"Thanks," I said, looking away. Honestly, what I found most disconcerting now was how sincerely concerned she seemed. Maybe we'd misjudged her all along. Nah.
"Well," breezed Bastien, "if Tabby Cat's okay, maybe we should go to the kitchen and have some coffee - "
"Do you know how it happened?" Dana asked me, ignoring him.
"Oh...just a misstep I think...or maybe the stair is defective."
"I doubt there's anything wrong with the stairs," said Bastien. "Tabitha's always been clumsy, that's all. It's legendary in our family."
Dana, oblivious to me glaring at the incubus over the slam to my gracefulness, glanced over at my shoes sitting near the door. They were strappy and black, with three-inch heels.
"Are those what you've been wearing?" She fixed me with a stern, motherly look. "I know how strong societal pressure can be in making you think you need to fit a certain mold. But walking around in shoes like that all day will do serious damage to your feet. Not only that, they send a message that you have no shame when it comes to - "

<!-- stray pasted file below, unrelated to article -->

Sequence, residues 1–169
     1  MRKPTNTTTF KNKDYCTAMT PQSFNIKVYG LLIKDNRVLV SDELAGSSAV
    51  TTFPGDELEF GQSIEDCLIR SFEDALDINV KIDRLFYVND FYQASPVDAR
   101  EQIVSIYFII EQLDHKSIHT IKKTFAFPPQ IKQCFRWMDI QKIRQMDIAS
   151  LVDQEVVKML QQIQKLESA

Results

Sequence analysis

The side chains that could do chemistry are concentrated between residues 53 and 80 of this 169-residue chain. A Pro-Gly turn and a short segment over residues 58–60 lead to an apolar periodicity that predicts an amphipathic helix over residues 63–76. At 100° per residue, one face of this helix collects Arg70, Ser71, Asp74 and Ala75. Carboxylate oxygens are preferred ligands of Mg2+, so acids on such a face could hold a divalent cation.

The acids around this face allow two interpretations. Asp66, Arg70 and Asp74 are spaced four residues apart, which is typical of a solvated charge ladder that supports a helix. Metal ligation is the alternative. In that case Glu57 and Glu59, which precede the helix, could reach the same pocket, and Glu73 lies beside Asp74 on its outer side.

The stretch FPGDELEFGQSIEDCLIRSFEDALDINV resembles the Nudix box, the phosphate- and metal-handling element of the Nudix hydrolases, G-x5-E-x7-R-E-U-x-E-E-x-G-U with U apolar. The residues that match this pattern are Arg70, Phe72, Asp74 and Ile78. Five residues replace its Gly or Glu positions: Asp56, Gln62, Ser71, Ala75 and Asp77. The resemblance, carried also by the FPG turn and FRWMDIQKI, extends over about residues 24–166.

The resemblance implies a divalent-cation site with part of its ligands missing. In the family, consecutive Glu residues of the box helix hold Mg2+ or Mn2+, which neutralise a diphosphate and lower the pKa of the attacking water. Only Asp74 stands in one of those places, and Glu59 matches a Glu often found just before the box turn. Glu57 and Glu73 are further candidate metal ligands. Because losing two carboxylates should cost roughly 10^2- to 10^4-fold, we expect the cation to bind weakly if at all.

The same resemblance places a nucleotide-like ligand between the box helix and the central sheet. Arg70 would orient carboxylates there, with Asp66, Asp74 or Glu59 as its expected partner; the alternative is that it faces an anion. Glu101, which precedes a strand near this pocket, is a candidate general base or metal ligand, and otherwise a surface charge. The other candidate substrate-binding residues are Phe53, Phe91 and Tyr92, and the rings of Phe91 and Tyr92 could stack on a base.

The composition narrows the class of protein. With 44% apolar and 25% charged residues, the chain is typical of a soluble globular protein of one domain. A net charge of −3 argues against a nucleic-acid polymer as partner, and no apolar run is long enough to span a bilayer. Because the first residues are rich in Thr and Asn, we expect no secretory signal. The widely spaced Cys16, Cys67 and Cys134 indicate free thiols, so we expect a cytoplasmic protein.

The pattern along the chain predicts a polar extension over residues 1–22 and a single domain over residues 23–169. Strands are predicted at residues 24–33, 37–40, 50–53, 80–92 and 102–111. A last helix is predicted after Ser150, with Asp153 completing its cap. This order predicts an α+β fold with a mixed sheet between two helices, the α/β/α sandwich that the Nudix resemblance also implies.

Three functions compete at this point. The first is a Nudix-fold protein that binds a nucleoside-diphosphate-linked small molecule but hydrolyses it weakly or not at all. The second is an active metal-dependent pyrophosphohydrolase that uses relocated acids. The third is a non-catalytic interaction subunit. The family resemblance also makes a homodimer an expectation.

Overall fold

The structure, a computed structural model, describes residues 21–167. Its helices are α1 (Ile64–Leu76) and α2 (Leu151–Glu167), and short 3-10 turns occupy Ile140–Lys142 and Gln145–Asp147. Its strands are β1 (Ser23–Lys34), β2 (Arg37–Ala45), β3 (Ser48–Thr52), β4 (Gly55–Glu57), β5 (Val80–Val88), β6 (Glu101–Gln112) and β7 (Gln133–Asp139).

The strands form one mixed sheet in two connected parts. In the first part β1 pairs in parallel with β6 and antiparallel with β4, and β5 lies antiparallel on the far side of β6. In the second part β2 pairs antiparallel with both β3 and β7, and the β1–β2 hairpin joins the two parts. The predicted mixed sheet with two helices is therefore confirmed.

The doorbell rang then. None of us moved at first, and then Bastien rose, looking amazed that this night could get any worse.
Dana dropped her wardrobe lecture and switched to a medical one. "You really need to be careful with this. Too much stress will agitate it. "
Bastien returned a moment later with an utterly puzzled Seth, whom I suspected had no idea who had just let him in. Indeed, his bewilderment grew as he scanned Dana and me, no doubt wondering if he had the right house.
"Hi Seth," I said pointedly, in too loud of a voice, "thanks for coming to pick me up."
He continued to stare, and then the faintest gleam of understanding showed in his eyes. He'd seen me shape-shift clothes often, but this was the first time he'd ever seen me in another body.
Dana looked around expectantly.
"Oh," I said, my mind still running a little slow from the pot. "This is, um, Seth. Seth, Dana."
"Hello," she said, rising smoothly and shaking his hand. "Nice to meet you."